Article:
Black Twitter Persuades Advertisers to Boycott VH1’s Terrible New Reality Show

Viewers are outraged by the show’s depiction of black sorority sisters
Photographer: Joe Giacomet

On Dec. 15, VH1 premiered its newest reality TV show, Sorority Sisters, a chronicle of the lives of nine black sorority sisters. Within less than four days, Black Twitter judged the show so offensive that it mounted a boycott via the social network—and advertisers are listening. So far at least 29 companies, from Olive Garden to Honda Motor, have said they would pull their ads from the show. 

 

Setting aside for the moment the show’s racial elements, Sorority Sisters is not very good. The intro features an excessively choreographed sequence of masked “sorors” facing off against one another. The drama—two sorority sisters operating rival boutiques; one woman “investigating” whether another is a “real Delta”—isn’t very dramatic, which makes it hard to care. Then there’s the noise. From the beginning, the show is rife with catfights and intersorority dissing. In its first two and a half minutes, the pilot shows six women crying. One is heard sobbing from a bathroom stall, “Help me, Jesus, to understand.”

“VH1 has long used a formula where they cast African American women whose outrageous behavior conforms to numerous caricatures of black women,” says Lawrence Ross, author of The Divine Nine: The History of African American Fraternities and Sororities and one of the organizers behind the protesting of Sorority Sisters on social media.

VH1 says it has no plans to scrap the show. “We are definitely hearing the conversation around ‘Sorority Sisters’ and are taking the concerns of our viewers into account. Currently there are no changes planned for the series,” a VH1 spokesperson said in an e-mail to Bloomberg Businessweek.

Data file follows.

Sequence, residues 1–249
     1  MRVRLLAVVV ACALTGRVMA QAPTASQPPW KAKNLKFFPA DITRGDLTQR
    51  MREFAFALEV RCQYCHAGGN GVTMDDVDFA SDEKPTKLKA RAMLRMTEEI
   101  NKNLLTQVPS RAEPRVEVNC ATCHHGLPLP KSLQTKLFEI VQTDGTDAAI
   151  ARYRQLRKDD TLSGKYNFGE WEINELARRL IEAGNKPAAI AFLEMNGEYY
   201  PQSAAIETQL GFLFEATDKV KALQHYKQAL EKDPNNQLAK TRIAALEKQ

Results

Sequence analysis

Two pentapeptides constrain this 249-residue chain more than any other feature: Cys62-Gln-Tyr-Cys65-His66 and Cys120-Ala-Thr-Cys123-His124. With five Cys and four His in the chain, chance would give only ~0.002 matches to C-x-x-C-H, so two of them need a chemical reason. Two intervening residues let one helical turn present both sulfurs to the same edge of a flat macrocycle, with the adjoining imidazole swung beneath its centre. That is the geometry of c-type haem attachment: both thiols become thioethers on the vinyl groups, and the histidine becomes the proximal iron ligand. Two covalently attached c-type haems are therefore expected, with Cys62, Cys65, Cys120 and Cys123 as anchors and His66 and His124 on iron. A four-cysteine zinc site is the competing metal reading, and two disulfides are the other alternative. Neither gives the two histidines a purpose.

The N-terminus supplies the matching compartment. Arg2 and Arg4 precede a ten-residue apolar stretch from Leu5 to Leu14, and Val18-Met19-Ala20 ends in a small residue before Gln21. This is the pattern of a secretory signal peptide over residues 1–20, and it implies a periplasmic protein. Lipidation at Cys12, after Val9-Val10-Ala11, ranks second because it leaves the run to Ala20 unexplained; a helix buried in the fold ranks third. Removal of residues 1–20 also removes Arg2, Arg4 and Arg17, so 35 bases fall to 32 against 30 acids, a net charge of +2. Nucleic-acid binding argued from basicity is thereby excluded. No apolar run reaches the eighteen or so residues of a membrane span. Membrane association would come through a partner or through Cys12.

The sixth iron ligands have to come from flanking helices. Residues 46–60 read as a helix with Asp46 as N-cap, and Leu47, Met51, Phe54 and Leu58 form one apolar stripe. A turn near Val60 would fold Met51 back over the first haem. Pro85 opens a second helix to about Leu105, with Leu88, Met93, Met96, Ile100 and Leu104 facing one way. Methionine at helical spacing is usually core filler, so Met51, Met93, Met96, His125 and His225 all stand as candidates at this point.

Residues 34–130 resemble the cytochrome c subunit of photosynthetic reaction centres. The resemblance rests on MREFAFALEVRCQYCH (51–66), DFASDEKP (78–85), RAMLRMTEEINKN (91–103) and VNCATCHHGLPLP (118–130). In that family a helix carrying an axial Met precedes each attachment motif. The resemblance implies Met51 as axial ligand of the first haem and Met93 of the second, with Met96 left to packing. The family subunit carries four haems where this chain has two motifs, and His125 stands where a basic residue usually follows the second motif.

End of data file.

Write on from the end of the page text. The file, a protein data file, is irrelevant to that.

To be fair, reality TV has never had a reputation for actually depicting reality. The Hills, Keeping Up With the Kardashians, and The Real Housewives of New Jersey thrive on the crying, screeching, and backstabbing of their predominantly female stars. An obvious difference between such shows and Sorority Sisters is that the latter focuses on black women, who are underrepresented in the media to begin with.

What’s more, Sorority Sisters, which features quick-to-anger “sorors” such as a woman who’s ready to “find a real career” five years out of college and a former pageant queen turned burlesque dancer, doesn’t seem to stray far from the tired tropes women have said they’re sick of seeing. More than 1,000 black women surveyed by Essence magazine last year said they were tired of most frequently noticing black women portraying “baby mommas,” “angry black women,” “gold diggers,” “uneducated black women,” “black barbies,” and “mean black girls.”

Advertisers are taking notice. The list of companies that have said they’d pull ads from Sorority Sisters has swelled in the past week to include AT&T, Carmex, Coca-Cola, Country Crock, Crayola, Disaronno, Domino’s Pizza, Hallmark, Honda, J.C. Penney, Olive Garden, Sprint, T-Mobile, and more. Protesters have called out other VH1 sponsors in an “Anti-Xmas Boycott List” on Facebook.

 

 

The #BoycottSororitySisters hashtag campaign seems to be working, and the tweeters behind it say they don’t plan on stopping until the show is gone—for good. Says Ross: “We’ll not be satisfied by them moving it to their digital platform. They need to shelve it completely.”